We went into town to secure lodging for the night. This task is easier said than done. We checked the chain motel (all full). We went to the Driftwood Inn which has cabins, RV park and lodge rooms but only the RV park had vacancies. The staff there was VERY, VERY helpful in trying to find us a room even making the calls for us. Apparently the Chamber of Commerce or Visitors Bureau maintains a website with listings of the various lodging which is updated with available rooms. The only place listed as having anything available was a B&B on past town. They called but only got voicemail. They left a message on our behalf and we decided to drive on out so we would be nearer should a room be available. We arrived at the B&B but still no callback. We went to the door but no one answered there either. We finally were able to talk to the innkeepers on the phone but they indicated they had rooms but only rented with a 3 night minimum. They did have a great view but we were off again.
We called down the list the folks at Driftwood gave us and finally got hold of cabins in Anchor Point (about 12 miles back up the road). The woman on the phone said she still had a cabin for one night available. I offered my credit card to hold it but she told us it wasn’t needed. She’d meet us there. OK, I guess. She gave us directions but we took the wrong turn. (Seems there’s two intersections with the highway and North Fork Road.) We called again and she corrected our way. We eventually reached the Sleepy Bear Cabins and got checked in. Sleepy Bear Cabins has 4 cabins and a couple of RV spots.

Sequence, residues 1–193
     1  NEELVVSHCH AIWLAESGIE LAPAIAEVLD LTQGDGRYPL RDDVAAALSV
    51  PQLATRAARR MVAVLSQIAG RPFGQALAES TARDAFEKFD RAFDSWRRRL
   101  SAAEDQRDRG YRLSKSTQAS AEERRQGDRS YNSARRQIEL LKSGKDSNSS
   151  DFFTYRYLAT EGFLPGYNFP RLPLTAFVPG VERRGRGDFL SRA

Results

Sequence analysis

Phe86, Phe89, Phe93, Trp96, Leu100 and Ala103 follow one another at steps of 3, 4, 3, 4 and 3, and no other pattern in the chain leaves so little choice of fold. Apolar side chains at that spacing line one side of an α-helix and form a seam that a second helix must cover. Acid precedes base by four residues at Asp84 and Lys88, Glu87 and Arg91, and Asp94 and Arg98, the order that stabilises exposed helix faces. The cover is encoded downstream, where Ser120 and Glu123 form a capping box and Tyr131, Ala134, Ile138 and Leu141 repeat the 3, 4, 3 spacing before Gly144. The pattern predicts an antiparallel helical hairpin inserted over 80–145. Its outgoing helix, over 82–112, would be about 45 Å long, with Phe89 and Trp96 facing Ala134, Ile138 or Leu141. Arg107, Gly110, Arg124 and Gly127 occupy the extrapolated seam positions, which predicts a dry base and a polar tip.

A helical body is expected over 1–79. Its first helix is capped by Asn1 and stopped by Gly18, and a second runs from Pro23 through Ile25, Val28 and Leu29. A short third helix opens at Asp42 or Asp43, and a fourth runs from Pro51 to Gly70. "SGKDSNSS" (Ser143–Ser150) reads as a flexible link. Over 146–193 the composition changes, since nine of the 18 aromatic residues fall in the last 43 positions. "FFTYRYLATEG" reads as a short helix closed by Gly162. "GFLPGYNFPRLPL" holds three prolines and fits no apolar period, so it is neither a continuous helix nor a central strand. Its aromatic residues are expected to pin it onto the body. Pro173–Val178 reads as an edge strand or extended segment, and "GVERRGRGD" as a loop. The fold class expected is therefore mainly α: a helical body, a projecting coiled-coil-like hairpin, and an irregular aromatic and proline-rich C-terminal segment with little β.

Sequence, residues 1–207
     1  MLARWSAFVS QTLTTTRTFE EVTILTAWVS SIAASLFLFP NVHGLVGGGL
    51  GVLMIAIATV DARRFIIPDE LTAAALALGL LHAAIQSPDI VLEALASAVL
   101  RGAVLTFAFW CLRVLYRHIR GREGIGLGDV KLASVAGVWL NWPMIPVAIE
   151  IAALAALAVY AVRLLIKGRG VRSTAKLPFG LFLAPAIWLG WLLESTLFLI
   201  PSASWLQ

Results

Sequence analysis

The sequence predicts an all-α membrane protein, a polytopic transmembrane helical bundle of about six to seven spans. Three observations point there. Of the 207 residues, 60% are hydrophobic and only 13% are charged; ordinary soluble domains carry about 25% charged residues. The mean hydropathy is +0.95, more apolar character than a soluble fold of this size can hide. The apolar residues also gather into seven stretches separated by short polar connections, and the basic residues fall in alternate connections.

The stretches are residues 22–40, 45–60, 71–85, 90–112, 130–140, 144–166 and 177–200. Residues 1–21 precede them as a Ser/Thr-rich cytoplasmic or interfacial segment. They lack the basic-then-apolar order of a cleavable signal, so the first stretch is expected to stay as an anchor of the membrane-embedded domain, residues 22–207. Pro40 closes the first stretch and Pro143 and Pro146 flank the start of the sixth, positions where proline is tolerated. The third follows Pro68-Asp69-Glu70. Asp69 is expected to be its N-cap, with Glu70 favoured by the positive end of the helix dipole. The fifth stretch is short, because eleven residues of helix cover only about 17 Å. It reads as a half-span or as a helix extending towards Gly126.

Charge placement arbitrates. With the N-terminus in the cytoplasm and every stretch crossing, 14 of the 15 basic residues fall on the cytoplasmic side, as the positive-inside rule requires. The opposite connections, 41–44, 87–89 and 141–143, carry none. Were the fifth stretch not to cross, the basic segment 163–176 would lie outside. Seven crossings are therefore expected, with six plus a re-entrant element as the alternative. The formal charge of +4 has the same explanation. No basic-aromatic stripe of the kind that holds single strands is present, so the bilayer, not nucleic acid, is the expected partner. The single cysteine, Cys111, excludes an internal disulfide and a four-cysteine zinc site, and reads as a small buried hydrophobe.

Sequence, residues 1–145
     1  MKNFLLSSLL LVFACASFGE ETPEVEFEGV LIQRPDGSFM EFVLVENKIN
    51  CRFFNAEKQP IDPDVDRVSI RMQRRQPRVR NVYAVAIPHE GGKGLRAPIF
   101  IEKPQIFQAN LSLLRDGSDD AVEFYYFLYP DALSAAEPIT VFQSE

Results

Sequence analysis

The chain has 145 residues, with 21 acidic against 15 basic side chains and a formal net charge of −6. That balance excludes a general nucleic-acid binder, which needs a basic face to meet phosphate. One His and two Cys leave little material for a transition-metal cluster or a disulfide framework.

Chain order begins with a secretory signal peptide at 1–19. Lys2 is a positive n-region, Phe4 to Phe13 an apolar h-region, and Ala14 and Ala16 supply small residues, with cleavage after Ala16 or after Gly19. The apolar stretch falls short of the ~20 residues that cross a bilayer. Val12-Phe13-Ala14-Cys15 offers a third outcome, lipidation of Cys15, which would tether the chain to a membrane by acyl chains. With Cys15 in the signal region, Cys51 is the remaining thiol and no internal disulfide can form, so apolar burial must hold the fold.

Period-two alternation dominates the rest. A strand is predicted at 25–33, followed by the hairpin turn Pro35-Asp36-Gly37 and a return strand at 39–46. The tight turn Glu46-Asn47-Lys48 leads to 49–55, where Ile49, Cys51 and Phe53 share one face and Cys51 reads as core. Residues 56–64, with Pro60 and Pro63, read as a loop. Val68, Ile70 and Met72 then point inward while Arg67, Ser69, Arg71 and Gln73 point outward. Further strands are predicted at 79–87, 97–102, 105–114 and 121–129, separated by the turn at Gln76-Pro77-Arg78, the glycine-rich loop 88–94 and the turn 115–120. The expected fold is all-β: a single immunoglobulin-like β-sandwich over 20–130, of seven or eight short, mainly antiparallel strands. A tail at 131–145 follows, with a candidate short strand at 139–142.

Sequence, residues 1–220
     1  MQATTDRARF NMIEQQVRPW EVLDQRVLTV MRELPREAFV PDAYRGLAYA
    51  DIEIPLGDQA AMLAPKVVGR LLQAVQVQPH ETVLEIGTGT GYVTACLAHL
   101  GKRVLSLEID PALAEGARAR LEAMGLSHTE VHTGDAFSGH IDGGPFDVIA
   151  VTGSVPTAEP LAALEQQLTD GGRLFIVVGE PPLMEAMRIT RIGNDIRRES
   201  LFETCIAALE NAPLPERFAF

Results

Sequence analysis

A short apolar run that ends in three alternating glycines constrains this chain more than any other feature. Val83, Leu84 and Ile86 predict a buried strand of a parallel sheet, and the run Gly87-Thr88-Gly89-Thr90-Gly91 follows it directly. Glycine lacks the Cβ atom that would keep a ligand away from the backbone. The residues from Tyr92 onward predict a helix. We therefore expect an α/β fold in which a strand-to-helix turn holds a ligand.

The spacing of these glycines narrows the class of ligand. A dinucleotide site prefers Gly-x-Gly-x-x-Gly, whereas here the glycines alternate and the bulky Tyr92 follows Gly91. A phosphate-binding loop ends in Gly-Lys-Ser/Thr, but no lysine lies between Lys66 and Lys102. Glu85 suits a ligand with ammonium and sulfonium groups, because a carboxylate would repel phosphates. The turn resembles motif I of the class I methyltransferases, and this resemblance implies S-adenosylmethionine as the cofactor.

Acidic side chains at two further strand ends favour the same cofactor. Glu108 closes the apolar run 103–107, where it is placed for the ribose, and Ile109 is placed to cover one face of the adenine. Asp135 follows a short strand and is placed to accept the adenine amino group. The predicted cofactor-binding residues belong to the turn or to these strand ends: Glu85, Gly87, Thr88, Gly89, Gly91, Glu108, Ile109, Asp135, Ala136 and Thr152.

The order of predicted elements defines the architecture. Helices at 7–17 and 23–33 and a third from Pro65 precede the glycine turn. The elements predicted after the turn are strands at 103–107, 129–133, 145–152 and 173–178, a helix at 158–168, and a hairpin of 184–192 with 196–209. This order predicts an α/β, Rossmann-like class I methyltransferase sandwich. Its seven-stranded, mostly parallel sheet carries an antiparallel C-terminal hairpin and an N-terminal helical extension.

Our cabin would sleep 6 or so people, 2 on the futon downstairs, 2 on the bunkbeds downstairs and 2 in a double bed in the loft. We opted to sleep upstairs but had to remember to duck for the low ceilings and the really low ceiling over the stairs.
Our cabin was of logs and had some interesting fish carvings in a line for the small stoop rails.
There were no restaurants in the vicinity open so we had sandwiches from the refrigerator in the truck. This was only the second time we had to rely on our own supplies for a meal.
A good night’s sleep and we would try Homer again on Sunday.
You can see all of the pictures from this leg of the trip here.
We invite you to continue along with us and hope you enjoy the account!